Early Childhood Education – George Bostwick
George Bostwick was an renowned jockey, horse trainer and sportsman renowned for his skills in several sports such as golf and ice hockey.
Bostwick began playing hockey while at Middlebury College and continued to enjoy it throughout his career. Additionally, he excelled at tennis and golf.
Early Life and Education
Early childhood education is a critical element in any child’s development. It provides them with a strong foundation for future learning and academic success.
Educators often hold different theories on how young children should be educated. These viewpoints often shape how students are instructed in the classroom setting.
They can influence students’ thoughts and behavior. For instance, some educators believe that children should be given unlimited chances to play in order to learn.
Friedrich Froebel is another renowned educator renowned for his groundbreaking contributions to educational reform. As the creator of kindergarten, many of his principles remain relevant today: including that measuring, singing, drawing and speaking should all be integrated into early childhood programs.
Bostwick was an incredibly gifted sportsman. In addition to winning 16 American championships in court tennis, he was also three-time U. S. squash champion, two-time U. S. Open racquets champion and, later in life, a skilled lawn tennis player.
He was also a long-standing member of Manhattan’s St. Nicholas amateur hockey club (for 25 years).
Bostwick had an illustrious career that spanned more than 60 years, winning multiple national age-group squash doubles championships with his son and participating in Father/Son grass courts tournaments. He played alongside his daughters Cackie, Lili and Janet as well as grandson Jamie.
Over his lifetime, he was fortunate enough to participate in a variety of sports; however, what he treasured most were the times he got to play with his family. These moments provided him with immense joy and made him a better person overall.
Achievements and Honors
Bostwick earned the Silver Star for his valor in aerial combat and also received the Distinguished Service Medal.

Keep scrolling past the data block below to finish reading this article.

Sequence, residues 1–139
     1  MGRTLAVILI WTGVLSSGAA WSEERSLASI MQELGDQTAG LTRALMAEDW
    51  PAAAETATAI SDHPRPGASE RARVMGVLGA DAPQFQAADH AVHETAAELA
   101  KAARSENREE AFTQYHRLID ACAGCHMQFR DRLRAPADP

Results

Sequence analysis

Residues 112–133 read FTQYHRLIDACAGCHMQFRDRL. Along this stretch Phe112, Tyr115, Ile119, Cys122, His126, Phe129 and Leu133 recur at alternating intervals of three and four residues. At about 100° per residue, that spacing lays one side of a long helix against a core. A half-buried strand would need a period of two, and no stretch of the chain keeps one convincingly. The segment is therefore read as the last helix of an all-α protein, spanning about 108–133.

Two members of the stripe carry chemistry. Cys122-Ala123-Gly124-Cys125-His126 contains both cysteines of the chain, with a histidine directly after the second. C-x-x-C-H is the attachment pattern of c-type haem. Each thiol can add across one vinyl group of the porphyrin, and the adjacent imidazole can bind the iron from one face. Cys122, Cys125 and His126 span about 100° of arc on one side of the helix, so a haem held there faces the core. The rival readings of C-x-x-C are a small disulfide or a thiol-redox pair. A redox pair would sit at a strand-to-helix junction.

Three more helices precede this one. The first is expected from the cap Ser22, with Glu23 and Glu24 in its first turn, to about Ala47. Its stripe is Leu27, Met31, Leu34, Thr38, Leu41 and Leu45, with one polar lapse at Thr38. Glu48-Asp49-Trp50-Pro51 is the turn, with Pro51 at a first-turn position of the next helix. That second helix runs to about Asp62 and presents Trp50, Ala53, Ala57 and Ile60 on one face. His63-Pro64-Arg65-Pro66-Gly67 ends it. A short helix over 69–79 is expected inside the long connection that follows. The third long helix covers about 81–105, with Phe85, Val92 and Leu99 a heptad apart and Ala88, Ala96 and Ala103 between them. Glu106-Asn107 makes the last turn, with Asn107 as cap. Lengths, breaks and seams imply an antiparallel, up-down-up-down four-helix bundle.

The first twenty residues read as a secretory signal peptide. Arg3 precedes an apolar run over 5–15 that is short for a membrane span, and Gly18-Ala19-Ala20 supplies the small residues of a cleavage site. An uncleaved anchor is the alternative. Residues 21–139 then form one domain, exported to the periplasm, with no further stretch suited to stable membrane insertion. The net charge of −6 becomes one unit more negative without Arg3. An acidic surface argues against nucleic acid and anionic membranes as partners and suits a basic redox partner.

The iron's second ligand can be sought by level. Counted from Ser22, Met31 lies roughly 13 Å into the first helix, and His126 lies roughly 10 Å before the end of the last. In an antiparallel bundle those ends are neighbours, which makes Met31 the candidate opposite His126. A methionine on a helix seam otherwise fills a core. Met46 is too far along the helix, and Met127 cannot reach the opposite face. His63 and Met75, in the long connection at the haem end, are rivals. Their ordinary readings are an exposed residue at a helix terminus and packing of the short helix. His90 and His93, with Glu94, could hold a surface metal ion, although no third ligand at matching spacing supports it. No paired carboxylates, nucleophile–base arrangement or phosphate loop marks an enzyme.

He served in the US Army Air Forces, becoming a pilot who shot down eight enemy aircraft during World War II. Later, he rose to become Colonel in the US Air Force.
Bostwick was an incredibly gifted athlete across a variety of sports, such as tennis, hockey, golf and squash. His success in each one was due to his accurate ball placement, clearheaded shot selection, amazing anticipation (sometimes instinctive), and unwavering will to win.
Cackie Caulkins and Lilias “Lili” Knott Bostwick joined him to achieve numerous top-five and top-10 national Father/Daughter rankings, as well as an impressive list of tournament wins. Their legacy will remain cherished by their many friends and fellow competitors long after they have passed away, even by those close to them.
George Bostwick is an accomplished actor who has appeared in a wide range of films and television series. He is best known for his portrayal of George Washington in two CBS miniseries – George Washington and George Washington II: The Forging of a Nation, which aired respectively in 2017 and 2018.
He also starred as a small-town sheriff in Some Guy Who Kills People, directed by John Landis in 2011. Beyond his acting career, he is an accomplished ceramicist and potter.
He has also guest starred on various television shows. In 2003, he appeared as a patient with prostate cancer on Scrubs; two years later he played Grandpa Clyde Flynn in Phineas and Ferb. In 2004, he won the Gilda Radner Courage Award from Roswell Park Cancer Institute for his brave battle against prostate cancer.
Bostwick was born in San Mateo, California to Elizabeth and Henry Bostwick as the youngest of three children. As a young man he showed his acting talent by participating in musicals and puppet shows with his brother Michael.
After graduating from San Mateo High School, he attended United States International University in San Diego to pursue performing arts. While earning his degree, he featured on multiple stage performances.
He continued his career in New York, appearing in numerous stage productions and gaining experience in film and television work. He is best known as one of the original cast members of “The Robber Bridegroom,” earning him a Tony Award nomination. Additionally, he appeared in the movie version of “The Rocky Horror Picture Show.”